Cone: Probably more along the lines of a Chuck or Screaming Bloody Murder. I don’t know, I kind of don’t like to use the word ‘metal’, but there are snippets in songs where people have said ‘oh that’s along the heavy metal side’, but I don’t think we make heavy metal songs. I think we do little things in songs that have a heavy metal influence, but when you get to a chorus or a verse or something like that, they’re not really metal songs, so this one is kind of along that kind of line. It’s definitely not along the pop side, it’s on the Chuck side.

CONFRONT: What was the inspiration for the album title [13 Voices]?

Cone: This was a title Deryck brought to us. When he got out of the hospital, he was trying to get better, and trying to heal his addition because basically he had to and wanted to at this point. He had a bunch of people telling him what to do and had all of these thoughts in his head pushing and pulling him in different ways, so he came up with the title, 13 Voices, because he had basically all of these voices in his head.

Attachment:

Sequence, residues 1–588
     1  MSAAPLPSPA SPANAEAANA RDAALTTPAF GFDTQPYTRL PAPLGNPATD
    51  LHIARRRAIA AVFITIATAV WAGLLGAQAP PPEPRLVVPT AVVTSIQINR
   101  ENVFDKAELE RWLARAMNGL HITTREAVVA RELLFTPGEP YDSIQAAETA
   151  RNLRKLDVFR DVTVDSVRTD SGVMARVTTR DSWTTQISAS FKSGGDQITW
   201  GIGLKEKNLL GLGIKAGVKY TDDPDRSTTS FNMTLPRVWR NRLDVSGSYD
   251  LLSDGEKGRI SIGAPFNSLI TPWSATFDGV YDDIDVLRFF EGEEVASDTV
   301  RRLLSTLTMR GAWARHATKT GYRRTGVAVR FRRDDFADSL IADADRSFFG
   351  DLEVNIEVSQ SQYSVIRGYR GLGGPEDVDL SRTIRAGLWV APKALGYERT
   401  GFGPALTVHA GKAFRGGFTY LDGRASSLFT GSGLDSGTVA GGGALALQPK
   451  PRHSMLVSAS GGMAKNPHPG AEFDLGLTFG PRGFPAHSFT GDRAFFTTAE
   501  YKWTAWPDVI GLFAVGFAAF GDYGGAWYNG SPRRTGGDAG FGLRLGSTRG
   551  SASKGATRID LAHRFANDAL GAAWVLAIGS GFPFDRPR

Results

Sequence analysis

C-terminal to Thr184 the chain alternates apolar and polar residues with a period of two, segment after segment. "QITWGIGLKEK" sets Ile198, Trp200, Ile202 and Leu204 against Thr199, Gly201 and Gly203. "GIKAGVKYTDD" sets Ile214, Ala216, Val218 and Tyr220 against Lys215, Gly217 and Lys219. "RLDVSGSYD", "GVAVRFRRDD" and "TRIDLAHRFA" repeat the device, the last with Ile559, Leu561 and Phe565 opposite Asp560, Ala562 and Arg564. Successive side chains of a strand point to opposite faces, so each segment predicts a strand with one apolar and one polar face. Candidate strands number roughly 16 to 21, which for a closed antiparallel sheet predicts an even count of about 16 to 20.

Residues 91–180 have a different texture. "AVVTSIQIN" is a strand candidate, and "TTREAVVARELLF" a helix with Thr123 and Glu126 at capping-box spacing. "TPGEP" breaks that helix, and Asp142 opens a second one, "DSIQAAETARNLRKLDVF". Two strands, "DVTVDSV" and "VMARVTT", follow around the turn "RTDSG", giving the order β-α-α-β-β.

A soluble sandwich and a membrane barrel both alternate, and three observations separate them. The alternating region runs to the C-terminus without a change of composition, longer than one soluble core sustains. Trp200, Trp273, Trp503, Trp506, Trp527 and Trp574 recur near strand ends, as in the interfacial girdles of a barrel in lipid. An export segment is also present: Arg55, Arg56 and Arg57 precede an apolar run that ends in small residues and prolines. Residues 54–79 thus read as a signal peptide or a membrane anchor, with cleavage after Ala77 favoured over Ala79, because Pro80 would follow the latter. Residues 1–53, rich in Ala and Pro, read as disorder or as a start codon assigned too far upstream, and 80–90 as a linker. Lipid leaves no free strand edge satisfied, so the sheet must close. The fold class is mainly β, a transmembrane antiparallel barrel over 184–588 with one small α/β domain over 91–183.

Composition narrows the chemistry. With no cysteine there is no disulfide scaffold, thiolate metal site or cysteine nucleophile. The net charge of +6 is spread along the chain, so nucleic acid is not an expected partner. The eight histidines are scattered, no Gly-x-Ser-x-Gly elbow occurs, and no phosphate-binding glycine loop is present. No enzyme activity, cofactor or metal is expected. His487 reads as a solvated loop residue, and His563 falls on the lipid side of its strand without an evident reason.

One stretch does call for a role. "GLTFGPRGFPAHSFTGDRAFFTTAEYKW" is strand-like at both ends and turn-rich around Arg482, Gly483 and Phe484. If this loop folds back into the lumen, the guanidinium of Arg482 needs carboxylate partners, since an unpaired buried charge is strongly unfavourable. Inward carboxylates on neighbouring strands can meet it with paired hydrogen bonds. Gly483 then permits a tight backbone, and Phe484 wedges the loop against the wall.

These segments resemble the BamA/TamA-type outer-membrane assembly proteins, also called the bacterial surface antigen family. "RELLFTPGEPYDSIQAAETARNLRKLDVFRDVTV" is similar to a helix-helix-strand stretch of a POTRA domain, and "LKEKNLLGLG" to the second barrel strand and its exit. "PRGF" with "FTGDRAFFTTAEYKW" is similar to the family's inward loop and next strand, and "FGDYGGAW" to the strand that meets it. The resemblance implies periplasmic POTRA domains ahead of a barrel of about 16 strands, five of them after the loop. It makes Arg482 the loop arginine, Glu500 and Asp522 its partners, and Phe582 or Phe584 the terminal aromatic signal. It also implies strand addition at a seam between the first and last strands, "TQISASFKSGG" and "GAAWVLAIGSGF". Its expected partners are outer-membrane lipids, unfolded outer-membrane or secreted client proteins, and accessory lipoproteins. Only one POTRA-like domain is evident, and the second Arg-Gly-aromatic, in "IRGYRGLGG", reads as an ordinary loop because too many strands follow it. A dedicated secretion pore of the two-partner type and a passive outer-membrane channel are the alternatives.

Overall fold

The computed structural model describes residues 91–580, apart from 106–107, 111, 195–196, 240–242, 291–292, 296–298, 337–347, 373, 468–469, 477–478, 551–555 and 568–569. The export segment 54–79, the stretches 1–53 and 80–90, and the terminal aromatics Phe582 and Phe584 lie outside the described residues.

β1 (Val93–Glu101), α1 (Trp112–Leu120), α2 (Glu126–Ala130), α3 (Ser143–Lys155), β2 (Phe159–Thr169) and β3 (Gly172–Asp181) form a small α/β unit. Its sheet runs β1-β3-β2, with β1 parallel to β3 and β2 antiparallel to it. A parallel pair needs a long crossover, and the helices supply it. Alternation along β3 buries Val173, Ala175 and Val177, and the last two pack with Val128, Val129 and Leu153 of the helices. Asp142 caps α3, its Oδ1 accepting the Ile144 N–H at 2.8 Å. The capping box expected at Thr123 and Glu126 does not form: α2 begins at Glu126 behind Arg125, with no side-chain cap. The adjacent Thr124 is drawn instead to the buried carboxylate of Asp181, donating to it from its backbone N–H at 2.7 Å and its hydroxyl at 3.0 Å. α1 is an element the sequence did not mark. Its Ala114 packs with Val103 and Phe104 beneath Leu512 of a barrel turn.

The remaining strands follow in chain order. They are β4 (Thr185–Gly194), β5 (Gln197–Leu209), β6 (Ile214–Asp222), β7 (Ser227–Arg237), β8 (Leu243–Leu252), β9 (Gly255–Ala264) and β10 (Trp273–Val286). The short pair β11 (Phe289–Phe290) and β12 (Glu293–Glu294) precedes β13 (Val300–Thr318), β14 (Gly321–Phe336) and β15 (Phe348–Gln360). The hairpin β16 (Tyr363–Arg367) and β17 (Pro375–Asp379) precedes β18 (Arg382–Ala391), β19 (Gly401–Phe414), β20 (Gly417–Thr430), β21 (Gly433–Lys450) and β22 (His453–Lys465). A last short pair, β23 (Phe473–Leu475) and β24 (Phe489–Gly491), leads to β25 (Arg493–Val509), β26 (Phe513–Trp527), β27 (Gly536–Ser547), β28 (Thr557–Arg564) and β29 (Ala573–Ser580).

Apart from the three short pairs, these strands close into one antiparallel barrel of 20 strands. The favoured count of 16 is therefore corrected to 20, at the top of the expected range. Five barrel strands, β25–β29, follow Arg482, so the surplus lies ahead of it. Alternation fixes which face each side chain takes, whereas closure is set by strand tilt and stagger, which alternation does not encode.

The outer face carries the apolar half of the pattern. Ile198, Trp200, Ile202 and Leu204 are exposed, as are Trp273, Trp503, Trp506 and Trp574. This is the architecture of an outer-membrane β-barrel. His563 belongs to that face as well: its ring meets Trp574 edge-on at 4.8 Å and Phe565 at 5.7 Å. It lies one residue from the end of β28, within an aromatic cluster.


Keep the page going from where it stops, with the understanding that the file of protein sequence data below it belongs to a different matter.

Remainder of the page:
CONFRONT: This is also the first time you guys have recorded as a five piece band. How does something like that influence the sound of a record?

Cone: I don’t think it really influences the sound of the album, more so as it does with the sound of us live. I’d go as far back as Chuck, because with All Killer No Filler and Does This Look Infected? you could tell it was a four piece band, but we started experimenting on Chuck with more guitar parts, piano stuff, string stuff, and then it kind of progressed all the way through Screaming Bloody Murder. If you listen to some of those songs, there are five guitar parts on it, so now with three guitar players, we can actually play most of those guitar parts live. Before with the four piece, we were like, ‘ah, you know what, we don’t need to play that guitar part, it’s not necessary, we’ll just play the easy ones.’ But now, it’s more like ‘oh, we can play them all!’